The Hook model and UX design’s dirty secret
This week: how to protect ourselves against the Hook model, UX Theatre, dark patterns, and circular economy.
The Hook Model: when our hormones work against us
You’re probably subjected to it whether you know it or not. The book that introduced the Hook model has sold over 250K copies in over 20 languages. This framework aims to maximise engagement on a product, which is techspeak for making you spend as much time as possible on it, making you visit as many pages as possible, maximising the number of daily active users, etc. We are prone to this model because it leverages the specific way our brain has been moulded to ensure our survival. For all that, we can still learn to protect ourselves against it.
🔗 Read the article (on This Too Shall Grow)
Facebook is a harmful presence in our lives. It’s not too late to pull the plug on it
Undaunted by scandals, the social media giant plans to tighten its grip on our everyday activities. We don’t have to just submit.
🔗 Read the article (on The Guardian)
UX design has a dirty secret
Too often, designers are asked to perform UX Theatre, which doesn’t actually center the user at all.
🔗 Read the article (on Fast Company)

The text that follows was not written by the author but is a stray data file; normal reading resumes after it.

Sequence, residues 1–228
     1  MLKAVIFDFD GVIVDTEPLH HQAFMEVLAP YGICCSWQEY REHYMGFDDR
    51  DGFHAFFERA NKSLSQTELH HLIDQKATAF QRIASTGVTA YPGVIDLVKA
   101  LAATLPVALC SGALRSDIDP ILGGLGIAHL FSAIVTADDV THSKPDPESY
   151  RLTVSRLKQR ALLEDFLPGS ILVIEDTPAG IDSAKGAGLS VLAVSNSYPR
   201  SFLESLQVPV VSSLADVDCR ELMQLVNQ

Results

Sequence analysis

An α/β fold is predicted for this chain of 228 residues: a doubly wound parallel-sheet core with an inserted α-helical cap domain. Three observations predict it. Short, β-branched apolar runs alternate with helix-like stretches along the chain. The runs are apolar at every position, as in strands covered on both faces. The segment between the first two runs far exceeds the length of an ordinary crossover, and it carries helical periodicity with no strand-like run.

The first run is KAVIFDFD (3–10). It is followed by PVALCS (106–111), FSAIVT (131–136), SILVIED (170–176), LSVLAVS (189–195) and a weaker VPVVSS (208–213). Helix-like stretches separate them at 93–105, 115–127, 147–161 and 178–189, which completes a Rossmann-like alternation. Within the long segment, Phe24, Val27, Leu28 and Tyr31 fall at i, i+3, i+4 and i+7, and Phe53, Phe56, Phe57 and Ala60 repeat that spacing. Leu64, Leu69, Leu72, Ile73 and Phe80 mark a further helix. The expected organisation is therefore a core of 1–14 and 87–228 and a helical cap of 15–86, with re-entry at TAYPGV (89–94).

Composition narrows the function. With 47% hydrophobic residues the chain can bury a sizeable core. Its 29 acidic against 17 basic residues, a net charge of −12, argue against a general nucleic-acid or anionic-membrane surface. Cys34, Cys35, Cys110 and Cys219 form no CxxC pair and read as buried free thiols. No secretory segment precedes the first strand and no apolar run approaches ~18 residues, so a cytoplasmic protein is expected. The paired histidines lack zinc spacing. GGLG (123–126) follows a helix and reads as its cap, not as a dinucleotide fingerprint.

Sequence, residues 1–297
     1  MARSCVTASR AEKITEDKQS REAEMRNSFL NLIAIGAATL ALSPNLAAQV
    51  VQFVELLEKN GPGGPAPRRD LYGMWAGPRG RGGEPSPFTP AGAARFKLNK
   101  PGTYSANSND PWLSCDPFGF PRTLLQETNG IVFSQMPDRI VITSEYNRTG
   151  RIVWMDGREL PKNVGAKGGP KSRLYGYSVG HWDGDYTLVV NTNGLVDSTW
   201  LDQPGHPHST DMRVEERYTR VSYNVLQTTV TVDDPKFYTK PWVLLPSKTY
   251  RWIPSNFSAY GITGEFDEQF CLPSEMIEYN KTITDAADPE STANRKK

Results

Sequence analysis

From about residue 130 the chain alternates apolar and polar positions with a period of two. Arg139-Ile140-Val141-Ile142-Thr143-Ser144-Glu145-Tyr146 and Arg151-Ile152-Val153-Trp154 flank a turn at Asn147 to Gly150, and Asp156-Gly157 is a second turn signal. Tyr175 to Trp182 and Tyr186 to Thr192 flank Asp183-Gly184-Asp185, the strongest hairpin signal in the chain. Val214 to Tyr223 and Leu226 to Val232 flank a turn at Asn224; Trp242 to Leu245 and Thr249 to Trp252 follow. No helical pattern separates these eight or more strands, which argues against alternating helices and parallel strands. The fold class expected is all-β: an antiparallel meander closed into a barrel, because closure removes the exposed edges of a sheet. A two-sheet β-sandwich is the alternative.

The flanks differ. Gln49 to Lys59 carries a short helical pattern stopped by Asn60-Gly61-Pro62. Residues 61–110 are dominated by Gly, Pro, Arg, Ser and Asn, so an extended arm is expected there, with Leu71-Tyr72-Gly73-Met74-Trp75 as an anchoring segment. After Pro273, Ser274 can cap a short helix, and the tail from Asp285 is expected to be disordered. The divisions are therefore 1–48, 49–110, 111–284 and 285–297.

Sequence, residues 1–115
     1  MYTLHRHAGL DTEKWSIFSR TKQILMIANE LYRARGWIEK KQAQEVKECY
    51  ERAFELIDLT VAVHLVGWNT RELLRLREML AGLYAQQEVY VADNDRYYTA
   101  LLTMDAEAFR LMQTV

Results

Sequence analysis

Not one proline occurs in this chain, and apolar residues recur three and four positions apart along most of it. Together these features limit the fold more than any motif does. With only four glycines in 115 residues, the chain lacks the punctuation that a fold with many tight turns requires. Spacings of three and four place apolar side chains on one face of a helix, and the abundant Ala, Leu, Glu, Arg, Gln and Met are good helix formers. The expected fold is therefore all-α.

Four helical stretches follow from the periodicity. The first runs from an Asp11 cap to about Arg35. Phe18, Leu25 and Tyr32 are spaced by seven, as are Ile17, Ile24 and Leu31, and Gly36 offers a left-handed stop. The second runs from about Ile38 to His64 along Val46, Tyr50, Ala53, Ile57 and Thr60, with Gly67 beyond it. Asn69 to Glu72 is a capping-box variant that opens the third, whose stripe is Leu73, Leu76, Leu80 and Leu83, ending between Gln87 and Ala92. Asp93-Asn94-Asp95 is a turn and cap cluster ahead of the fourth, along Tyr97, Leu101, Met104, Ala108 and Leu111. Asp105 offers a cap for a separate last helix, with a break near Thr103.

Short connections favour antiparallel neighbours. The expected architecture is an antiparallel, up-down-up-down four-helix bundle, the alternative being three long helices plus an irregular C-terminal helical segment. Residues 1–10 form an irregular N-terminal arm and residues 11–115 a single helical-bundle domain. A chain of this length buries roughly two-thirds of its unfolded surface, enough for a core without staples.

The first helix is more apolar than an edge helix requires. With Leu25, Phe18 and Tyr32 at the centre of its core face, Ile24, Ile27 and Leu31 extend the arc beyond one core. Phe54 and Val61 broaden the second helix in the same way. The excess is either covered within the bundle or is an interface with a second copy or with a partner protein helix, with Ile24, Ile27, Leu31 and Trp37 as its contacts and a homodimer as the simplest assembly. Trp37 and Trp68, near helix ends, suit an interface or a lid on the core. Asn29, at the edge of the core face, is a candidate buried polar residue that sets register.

I, Obscura illuminates dark design patterns by telling stories. A compilation of case studies, this zine offers readers a set of dark pattern examples, along with possible design and policy solutions.
🔗 Read the article (on ISSUU)
White paper: Designing our circular future
A joint white paper from Creative Denmark, Danish Design Center, BLOXHUB and Danish Architecture Center highlights the role of design in a transition to a circular economy.
🔗 Read the article (on Danish Design Center)
While an article here mentions ’dark patterns’, and I used the term elsewhere on my website, there is a conversation around the bad connotation it has and the use of the adjective ’dark’. I will update the language I use to be more inclusive and not discriminatory: my preference is ’deceptive patterns’.
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